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Hindi Kornbluth

The Cooper Union For The Advancement of Science and Art

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Will making rockstars out of women in science get more girls interested in science/technology/engineering/math (i.e. STEM) fields?

This week in my bioelectricity class, my classmates and I realized that this was the first engineering class any of us had ever taken where there were more women than men enrolled. We also realized that for most of us, this class, taught by TED fellow Nina Tandon, was the first engineering class we had taken to be taught by a female professor.

Finding ways to close the gender gap in science/technology/engineering/math (i.e. STEM) fields is a hot topic, and there are many discussions out there highlighting the many forces that could be at work: gender-biasing in toys, a culture that tends to oversexualize women (see: the “40 Hottest Women in Tech” list published by Complex Magazine earlier this year), or links between a society’s gender equality and female performance in the sciences. Particularly interesting is the recent finding that 15-year-old girls around the world outperform boys in science, but not in the US, Britain, and Canada.

Thinking back to Nina’s class, I wondered if we could use this class as a microcosm and ask, might we be able to get more interested in STEM fields by providing more female role models?

The potential role models are out there: women from history, like Ada Lovelace, arguably the world’s first computer programmer, and Rosalind Franklin, who discovered the structure of DNA. There’s Lise Meitner, who helped discover nuclear fission, and Emelie Du Chatelet, who predicted the existence of infrared radiation and proved that kinetic energy was proportional to v^2. For more modern inspirations, see: http://blog.ted.com/2012/07/03/more-than-75-tedtalks-showing-women-in-science-and-tech/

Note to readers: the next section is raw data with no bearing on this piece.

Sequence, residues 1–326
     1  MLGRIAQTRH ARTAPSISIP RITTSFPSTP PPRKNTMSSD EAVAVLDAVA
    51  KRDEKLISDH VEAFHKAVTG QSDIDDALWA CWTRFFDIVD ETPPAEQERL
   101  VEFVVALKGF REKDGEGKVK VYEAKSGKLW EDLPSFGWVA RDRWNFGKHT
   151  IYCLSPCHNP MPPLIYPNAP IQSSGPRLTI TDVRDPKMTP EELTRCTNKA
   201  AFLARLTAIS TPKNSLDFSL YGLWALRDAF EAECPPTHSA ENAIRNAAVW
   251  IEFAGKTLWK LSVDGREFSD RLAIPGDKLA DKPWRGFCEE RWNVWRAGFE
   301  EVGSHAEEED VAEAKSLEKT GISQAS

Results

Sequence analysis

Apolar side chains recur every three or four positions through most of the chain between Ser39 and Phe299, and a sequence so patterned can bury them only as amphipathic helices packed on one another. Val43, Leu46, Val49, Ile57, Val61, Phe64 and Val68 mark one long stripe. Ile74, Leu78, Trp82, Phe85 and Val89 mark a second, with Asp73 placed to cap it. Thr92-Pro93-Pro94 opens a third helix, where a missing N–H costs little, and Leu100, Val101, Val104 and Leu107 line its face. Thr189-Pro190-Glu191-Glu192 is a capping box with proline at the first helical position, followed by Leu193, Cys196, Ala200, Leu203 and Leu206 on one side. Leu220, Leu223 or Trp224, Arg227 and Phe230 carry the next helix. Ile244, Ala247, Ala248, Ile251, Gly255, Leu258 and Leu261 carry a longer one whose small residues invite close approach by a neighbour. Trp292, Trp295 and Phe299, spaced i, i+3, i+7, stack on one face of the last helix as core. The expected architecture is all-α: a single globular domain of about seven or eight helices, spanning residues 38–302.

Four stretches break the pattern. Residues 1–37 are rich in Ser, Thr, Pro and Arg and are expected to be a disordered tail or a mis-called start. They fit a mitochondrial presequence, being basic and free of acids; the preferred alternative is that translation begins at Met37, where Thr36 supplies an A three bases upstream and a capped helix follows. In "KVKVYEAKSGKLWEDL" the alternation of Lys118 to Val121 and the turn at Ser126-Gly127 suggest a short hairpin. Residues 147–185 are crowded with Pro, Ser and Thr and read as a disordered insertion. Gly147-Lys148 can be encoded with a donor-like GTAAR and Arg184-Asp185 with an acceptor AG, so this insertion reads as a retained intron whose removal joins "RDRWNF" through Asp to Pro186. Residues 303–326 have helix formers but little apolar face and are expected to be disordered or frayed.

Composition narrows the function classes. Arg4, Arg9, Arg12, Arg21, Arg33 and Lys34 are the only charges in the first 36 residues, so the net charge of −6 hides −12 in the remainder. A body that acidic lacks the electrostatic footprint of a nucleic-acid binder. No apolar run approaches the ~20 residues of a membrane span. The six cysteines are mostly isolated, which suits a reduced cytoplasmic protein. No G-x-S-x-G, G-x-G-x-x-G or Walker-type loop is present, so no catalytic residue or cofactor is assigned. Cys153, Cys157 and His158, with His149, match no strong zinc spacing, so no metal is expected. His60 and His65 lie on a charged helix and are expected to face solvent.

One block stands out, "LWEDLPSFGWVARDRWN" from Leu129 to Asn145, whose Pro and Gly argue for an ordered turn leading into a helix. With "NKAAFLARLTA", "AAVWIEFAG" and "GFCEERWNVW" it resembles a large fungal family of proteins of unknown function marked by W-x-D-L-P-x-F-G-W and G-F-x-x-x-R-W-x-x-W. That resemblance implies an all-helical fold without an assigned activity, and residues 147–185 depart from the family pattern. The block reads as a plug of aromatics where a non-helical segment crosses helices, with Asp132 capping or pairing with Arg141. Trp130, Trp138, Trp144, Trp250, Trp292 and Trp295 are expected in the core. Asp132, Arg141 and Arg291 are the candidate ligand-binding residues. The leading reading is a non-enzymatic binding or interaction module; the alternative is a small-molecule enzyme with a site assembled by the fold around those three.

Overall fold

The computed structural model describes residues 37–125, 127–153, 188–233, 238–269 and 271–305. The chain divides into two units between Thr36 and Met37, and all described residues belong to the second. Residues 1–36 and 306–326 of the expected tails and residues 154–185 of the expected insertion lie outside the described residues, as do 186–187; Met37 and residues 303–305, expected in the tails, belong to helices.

In 2009, the NSF reported that than 20% of engineering students were women, out of almost 500,000 students in total. Inspiring young women to go into engineering in equal numbers to men would translate to the education of another 300,000 engineers in the United States alone. How do we make this happen?


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    Apr 13 2013: Hey Hindi - great question! My view on this is that yes, female role models are definitely needed, not only to inspire and motivate but also to give concrete advice and tips on what to do, how to do and also when to do certain steps in education and career. Nina is doing such great job exactly in this aspect! This conversation topic is one proof of it:) However, in my opinion, "rockstars" is not really what most of women scientists/engineers are aspiring to become, or at least it's not the only thing. I think most girls who are considering STEM field are also wondering how it will be possible to balance career and family life. Men are also thinking about that, I know, but it is a fact of nature that women need more time - at least 9 months more:) to devote to "having-a-child"-project. So it is harder, especially in very competitive field and all STEM fields are highly competitive...I think that if Universities and companies would make better arrangements - arrange for more flexible working hours, childcare facilities within campuses etc. it would mean a lot for motivating more girls to choose such careers.